The QLGRA Management Committee would encourage all members to consider engaging the media wherever you can – especially at the local level in the next 6 months as we lead up to the state election. If you have an enquiry from the media at a national or state level, please direct the enquiry to President Bob Johnson or Vice President Colin Hewett. However if it is a local media enquiry here are some suggestions on topics that you might wish to cover and some wording you might use. You can say the same thing in many different ways to ensure that your key points are not excluded from the article.
NOTES TO GUIDE INTERVIEWEES
• There is NO clear evidence that amalgamations saved money.
• They cost the shires millions (approx. $228M). Communities (Councils) were reimbursed a pittance ($28M). Costs continue to escalate while service declines.
• We have lost community ethos.
• We have lost our community identity.
• Thinkers worldwide advocate re-empowering communities to reduce costs, and produce efficiencies to provide a stable, sustainable base on which to rebuild the nation.
• Queensland Local Government Reform Alliance represents all regions seeks redress for the TRAVESTY OF THE FORCED AMALGAMATIONS by previous governments.
• It will advocate for its members to the Government, the LGAQ and the general public to give those Communities who want it a referendum to allow de-merger or boundary change or other means to re-empower the communities and to change the Queensland Constitution to that forced amalgamations can never happen again in this State.
POSITIVE POINTS for DE-MERGER to Shires
• Shire councils more approachable
• Shire councils more democratic
• Shire council communities better represented
• Shire councils more viable/sustainable
• Communities more in control of shire funds
• Local (shire) Councils more efficient
• Councils more accountable
• Our money spent in our shire
• We get our local shire identity back
• Local businesses is better off
• Council (community) can do things local way instead of central way
• We can ‘share services’ to minimise costs of those services. This is harder as size increases
• People are back in control of councils and their (rate) money and
• People will report waste/stop it.
NEGATIVE ASPECTS OF AMALGAMATIONS
Research of 2 decades of mergers of regional and rural councils to larger regional councils shows
1. No scale economies , GENERALLY DIS-ECONOMIES
2. No scope economies AS FEWER SENIOR MANAGERS DO NOT COST LESS overall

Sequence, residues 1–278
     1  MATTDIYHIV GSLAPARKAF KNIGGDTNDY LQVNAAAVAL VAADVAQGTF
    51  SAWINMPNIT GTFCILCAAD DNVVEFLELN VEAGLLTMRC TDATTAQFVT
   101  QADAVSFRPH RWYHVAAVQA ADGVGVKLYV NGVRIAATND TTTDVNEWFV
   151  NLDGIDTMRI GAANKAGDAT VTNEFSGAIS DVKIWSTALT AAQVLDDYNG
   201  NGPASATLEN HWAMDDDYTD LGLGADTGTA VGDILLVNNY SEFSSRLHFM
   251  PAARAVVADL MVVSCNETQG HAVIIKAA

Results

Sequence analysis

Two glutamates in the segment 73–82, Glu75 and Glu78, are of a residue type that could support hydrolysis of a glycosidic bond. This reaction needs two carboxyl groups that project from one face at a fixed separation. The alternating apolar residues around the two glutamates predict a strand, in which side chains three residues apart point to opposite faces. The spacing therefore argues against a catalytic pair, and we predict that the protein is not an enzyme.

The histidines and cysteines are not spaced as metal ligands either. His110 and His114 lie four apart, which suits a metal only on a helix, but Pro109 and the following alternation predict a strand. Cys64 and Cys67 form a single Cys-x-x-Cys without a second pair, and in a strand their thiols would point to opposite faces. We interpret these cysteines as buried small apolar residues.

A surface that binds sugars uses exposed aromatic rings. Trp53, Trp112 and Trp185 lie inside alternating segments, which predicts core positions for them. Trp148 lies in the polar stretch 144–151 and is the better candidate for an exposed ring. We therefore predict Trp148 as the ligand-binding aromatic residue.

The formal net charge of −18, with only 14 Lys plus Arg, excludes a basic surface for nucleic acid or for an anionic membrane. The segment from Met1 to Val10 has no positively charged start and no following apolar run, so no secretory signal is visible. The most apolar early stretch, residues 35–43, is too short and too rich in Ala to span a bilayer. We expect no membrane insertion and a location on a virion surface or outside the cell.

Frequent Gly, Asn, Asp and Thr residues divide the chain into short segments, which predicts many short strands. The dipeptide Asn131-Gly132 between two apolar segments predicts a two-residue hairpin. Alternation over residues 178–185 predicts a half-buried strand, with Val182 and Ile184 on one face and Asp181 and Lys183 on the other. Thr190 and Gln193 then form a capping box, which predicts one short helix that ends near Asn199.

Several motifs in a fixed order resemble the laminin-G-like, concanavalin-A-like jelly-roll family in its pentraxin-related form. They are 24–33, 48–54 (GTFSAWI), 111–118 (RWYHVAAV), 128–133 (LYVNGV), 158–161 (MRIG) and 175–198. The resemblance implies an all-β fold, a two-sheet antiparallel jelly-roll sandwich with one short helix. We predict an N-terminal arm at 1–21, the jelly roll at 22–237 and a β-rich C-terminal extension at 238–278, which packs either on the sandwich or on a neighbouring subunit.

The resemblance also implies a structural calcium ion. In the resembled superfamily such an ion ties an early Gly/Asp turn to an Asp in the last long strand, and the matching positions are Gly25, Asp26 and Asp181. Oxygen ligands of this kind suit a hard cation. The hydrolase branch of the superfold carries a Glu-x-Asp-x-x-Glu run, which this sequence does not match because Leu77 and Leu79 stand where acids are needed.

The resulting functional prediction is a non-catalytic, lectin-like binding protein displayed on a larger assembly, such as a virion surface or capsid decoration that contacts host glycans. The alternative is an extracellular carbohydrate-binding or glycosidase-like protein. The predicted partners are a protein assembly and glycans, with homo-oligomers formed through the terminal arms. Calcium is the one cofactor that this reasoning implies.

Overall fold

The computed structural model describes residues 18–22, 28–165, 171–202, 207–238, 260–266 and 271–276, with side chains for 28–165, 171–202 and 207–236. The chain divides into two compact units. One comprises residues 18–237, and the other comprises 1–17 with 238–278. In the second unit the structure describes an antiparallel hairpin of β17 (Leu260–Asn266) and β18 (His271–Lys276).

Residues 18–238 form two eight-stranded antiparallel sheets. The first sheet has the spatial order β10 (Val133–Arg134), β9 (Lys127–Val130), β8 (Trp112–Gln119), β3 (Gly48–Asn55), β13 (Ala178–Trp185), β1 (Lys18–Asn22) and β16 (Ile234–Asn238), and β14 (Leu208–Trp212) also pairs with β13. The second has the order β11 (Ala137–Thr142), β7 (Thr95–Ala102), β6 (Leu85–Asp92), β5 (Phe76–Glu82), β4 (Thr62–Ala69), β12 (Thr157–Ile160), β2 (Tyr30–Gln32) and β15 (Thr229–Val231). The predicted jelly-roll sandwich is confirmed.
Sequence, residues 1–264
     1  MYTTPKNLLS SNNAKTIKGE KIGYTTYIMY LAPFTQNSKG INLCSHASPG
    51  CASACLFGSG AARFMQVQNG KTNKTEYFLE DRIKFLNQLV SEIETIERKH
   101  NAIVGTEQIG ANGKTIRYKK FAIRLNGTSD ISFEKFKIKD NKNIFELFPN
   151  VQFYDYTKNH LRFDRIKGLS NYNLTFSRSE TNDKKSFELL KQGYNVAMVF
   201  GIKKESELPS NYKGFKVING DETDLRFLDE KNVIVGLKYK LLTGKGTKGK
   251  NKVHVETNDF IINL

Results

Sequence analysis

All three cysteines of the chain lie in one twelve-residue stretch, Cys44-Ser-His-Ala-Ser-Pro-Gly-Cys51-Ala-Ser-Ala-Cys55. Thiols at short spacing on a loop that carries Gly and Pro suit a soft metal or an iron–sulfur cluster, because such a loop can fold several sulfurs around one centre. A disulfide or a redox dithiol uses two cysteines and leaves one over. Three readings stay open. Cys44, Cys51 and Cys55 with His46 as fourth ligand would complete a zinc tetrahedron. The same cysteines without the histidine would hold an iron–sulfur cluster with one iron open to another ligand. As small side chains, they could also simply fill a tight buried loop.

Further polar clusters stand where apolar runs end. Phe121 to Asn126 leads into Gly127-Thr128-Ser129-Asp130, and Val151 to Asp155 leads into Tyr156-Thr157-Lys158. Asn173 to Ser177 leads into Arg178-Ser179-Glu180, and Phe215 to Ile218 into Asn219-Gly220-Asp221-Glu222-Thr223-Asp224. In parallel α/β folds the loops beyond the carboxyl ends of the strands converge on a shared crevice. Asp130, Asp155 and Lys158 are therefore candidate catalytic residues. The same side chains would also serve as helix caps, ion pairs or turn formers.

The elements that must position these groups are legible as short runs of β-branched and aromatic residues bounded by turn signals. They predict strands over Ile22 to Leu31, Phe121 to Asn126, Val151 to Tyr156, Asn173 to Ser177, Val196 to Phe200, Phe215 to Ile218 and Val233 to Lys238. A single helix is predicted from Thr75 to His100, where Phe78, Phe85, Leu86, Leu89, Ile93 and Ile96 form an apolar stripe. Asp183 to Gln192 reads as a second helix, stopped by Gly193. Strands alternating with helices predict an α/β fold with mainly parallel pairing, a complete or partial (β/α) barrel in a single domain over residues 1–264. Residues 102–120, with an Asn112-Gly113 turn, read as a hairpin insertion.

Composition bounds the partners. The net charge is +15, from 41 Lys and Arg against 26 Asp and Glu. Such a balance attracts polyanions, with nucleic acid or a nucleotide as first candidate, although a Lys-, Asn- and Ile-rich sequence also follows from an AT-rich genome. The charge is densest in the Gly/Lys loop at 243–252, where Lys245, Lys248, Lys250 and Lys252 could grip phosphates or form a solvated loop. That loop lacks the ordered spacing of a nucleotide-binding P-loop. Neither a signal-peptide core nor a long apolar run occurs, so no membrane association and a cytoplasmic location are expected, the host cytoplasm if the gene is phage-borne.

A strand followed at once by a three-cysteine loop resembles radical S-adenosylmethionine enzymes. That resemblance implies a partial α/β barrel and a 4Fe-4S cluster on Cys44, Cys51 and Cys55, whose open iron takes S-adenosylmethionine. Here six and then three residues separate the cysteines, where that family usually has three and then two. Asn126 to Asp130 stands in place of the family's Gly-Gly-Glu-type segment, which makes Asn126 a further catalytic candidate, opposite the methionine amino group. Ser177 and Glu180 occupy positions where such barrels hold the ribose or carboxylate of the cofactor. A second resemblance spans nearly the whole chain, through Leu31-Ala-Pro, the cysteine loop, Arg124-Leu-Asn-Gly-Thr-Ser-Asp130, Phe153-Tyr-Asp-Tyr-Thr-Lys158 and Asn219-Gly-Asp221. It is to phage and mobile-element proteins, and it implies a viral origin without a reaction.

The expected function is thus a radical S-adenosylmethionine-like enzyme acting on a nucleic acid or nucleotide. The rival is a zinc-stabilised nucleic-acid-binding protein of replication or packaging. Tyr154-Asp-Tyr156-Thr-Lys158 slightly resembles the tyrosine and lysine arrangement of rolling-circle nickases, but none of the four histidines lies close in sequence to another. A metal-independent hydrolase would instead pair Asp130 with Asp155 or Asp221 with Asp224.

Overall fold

3. No improvements in viability GENERALLY THE REVERSE
4. No service improvement, in fact the opposite is the case
5. Worse sustainability
6. Worse representation
7. More community identity loss
8. Empirical and anecdotal evidence proves amalgamations to super regional councils are LESS SUSTAINABLE
• No economies of scale
• Decreases of viability/sustainability
• Identity loss terrible
• Business loss due to councils’ and residents’ BUSINESS going out of town
• Failure of representation for communities
• No savings based on area amalgamation
• Promised savings did not eventuate. State and federal governments cause the cost shifting/regulations reducing viability
• They are like shutting down a business
• Bigger is not better.
• Do not save money
• Do not improve viability
• Are less sustainable
• Are less able to react to shocks eg floods, fire etc
• Do not deliver better service
• Deliver less service
• Cost ratepayers more
• Do not reduce debt
• Enable councils to borrow more – and accrue bigger debts
• Do not produce economies of scale
• Seldom produce significant scope economies
• Result in loss of local business
• Result in drop in local economy
• Result in overcentralisation
• Is negative for decentralisation
• Produce diseconomies of scale – “an entirely unexpected result”
• Did not reduce the burden on local government
• Qld amalgamations in ‘90s and 2007/08 “did not produce scale economies but did produce the opposite – “an entirely unexpected result”.
• Promised savings did not eventuate
• LNP government process put in place a very restrictive process to deny many former council areas a chance to re-establish their local councils, to re-empower communities
• Only 4 got to and through their referenda
• Many more did not apply because process too complex – so not democratic
• The government has not carried out its pledge to the electorate to put local government back on track and give communities a voice through referenda.
• Their process has been a breach of natural justice
• Communities (in amalgamated councils) suffering under high rates/low service regimes, increasing debt levels, lost council representation and loss of sense of community